Roland Peelman did a masterful job in putting the ensemble members through their paces, himself playing electric keyboards and nodding the group through the many repetitions. Music in Fifths (1969) for electric organ, soprano saxophone, viola and 2 vibraphones created the unique sound world of repeating parallel fifths. This process is derived from 2 melodic lines moving at the musical interval of a fifth. The aural result is somewhat like a very fast Gregorian chant and creates an open, abstract, contemplative quality. Here the musicians listened, felt together and worked like the best Olympic team. One slip and you’ve lost your place in this process. This kind of physical playing reminded me of the best modern jazz from the same era as the composition; John Coltranes’ famous Quartet and the Miles Davis band of the late 1960s come to mind.
Piece in the Shape of a Square (1968) for 2 flutes worked like a kind of installation piece. Musicians Kathleen Gallagher and Michael Sitsky walked slowly around a square made from erected music stands, slowly following each other and ending where they had begun, all the time reading and playing the many musical patterns that make up the piece. The work had the whimsy of the best of Erik Satie’s work, but lacked the precision and drive of the other 2 Glass compositions performed on the night.
Music in Similar Motion (1969) for electric organ, 2 flutes, soprano saxophone, clarinet, viola and marimba was the piece de resistance. One has to give oneself to this music to get something in return. Here the rewards are many: an incredible sense of life and affirming power, drive and energy, all in the service of a greater logic.
Like Music in Fifths, the music is based primarily on repeated, added and subtracted melodic patterns in parallel motion. The musicians gave of themselves to create a wonderful throbbing engine, motoring to a sudden stop at the end. Having Roland Peelman on keyboard out front to nod in the pattern changes created a concentration that only intensified the groove.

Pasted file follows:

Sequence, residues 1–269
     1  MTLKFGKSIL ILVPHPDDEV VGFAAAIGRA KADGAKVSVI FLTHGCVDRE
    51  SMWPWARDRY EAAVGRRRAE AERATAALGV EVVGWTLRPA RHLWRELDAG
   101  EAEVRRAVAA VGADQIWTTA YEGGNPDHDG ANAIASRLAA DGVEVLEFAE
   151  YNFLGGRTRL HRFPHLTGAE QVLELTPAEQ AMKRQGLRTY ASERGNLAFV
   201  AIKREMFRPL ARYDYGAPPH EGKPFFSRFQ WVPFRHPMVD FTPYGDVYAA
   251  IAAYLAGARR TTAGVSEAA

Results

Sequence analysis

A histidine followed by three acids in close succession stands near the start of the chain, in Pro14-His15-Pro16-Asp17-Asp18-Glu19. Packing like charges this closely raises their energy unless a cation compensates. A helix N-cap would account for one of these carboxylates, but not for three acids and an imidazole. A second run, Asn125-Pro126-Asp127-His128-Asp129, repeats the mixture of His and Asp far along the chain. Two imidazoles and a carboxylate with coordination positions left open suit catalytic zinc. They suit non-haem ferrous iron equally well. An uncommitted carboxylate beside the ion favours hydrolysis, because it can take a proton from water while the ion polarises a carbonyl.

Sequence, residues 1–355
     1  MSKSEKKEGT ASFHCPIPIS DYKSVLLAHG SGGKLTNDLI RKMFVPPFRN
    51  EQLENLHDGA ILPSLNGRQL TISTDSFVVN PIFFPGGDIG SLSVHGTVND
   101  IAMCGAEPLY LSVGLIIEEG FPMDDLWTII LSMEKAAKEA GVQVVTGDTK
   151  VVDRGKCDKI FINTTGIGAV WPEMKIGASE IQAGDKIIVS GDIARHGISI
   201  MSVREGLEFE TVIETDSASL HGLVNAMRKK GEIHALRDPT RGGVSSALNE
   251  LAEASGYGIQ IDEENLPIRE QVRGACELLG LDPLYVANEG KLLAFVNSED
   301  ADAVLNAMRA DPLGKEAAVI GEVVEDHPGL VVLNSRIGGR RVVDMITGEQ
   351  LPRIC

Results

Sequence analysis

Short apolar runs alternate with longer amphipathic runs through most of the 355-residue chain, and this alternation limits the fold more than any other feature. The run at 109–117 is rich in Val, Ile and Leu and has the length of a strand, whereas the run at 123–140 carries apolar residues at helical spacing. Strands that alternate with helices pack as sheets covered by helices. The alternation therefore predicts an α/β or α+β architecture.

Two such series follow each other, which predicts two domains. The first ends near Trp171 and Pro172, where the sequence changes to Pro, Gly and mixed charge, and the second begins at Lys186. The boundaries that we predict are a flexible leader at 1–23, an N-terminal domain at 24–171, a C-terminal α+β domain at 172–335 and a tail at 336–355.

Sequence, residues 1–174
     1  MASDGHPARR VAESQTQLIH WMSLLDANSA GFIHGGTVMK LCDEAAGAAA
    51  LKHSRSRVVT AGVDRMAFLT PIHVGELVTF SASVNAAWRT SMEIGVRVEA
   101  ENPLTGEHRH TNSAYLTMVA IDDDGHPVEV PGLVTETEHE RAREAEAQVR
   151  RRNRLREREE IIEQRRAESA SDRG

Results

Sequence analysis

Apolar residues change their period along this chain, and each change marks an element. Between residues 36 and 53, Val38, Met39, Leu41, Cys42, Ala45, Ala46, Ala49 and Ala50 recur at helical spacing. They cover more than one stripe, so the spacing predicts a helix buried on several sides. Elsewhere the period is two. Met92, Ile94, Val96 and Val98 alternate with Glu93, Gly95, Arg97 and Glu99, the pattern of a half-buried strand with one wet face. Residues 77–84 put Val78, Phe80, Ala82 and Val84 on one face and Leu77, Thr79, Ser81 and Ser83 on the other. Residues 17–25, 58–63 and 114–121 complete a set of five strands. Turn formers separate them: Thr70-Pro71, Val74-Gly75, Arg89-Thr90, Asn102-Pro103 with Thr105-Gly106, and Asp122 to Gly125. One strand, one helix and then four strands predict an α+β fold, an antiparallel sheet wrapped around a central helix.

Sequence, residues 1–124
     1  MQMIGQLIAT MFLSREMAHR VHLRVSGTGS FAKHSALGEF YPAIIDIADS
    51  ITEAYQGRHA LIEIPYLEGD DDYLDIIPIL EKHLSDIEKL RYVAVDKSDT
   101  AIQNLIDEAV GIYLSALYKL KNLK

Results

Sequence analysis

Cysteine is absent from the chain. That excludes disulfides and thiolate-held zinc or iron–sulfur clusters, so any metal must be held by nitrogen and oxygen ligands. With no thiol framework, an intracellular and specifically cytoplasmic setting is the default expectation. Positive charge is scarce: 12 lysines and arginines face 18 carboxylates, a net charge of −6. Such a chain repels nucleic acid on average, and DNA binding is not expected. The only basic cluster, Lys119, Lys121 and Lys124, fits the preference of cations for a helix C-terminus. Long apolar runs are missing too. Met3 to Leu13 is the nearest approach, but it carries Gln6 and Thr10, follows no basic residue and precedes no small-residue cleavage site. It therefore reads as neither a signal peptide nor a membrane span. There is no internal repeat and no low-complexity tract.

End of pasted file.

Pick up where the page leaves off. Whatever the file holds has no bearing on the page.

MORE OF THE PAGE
This Ensemble Offspring Concert was a tribute to the foresight of the director/programmer in choosing these highly influential early minimalist works. It is hard to listen to these compositions in 2004 and not be reminded of Brian Eno, David Bowie, Robert Fripp and other composers who caught this bug from 1970 onwards and made it their own, helping to build a whole genre of creative, accessible new music that we now take for granted.
To complement the 3 Glass pieces, in the first half of the concert, we were treated to glass playing of a different kind. Sydney composer Damien Ricketson’s A Line Has Two for soprano, aulos, 2 clarinets, 2 percussion and electronics, also included the exquisite sound of bowed wine glasses. A Line Has Two explored the beauty and very sensual nature of created sounds. Watching this performance reminded me of wonderful nights in the theatre seeing the plays of the French absurdist writer Eugene Ionesco, where actors move chairs around from place to place, much like the musicians moved around in shoeless feet, bowing wine glasses and vibraphones. The work had a very static quality and many sounds seemed to hover in the air before they landed exquisitely in one’s ear. Of particular richness here was the voice of soprano Alison Morgan and the sound of the aulos, a nasal sounding reed instrument that created a sense of erotic longing, blending with the more contemporary metal vibes, wine glasses and electronics.
Written in collaboration with the Australian poet Christopher Wallace-Crabbe and based on the poem The Alignments, A Line Has Two created a spaciousness and an ever-elusive sense of resolution. This work is like a wooden box of very small compartments full of delicious treats for the ears and eyes.
Ensemble Offspring Play Glass, The Studio, Sydney Opera House, July 29
RealTime issue #63 Oct-Nov 2004 pg. 50
© Robert Israel Lloyd; for permission to reproduce apply to email@example.com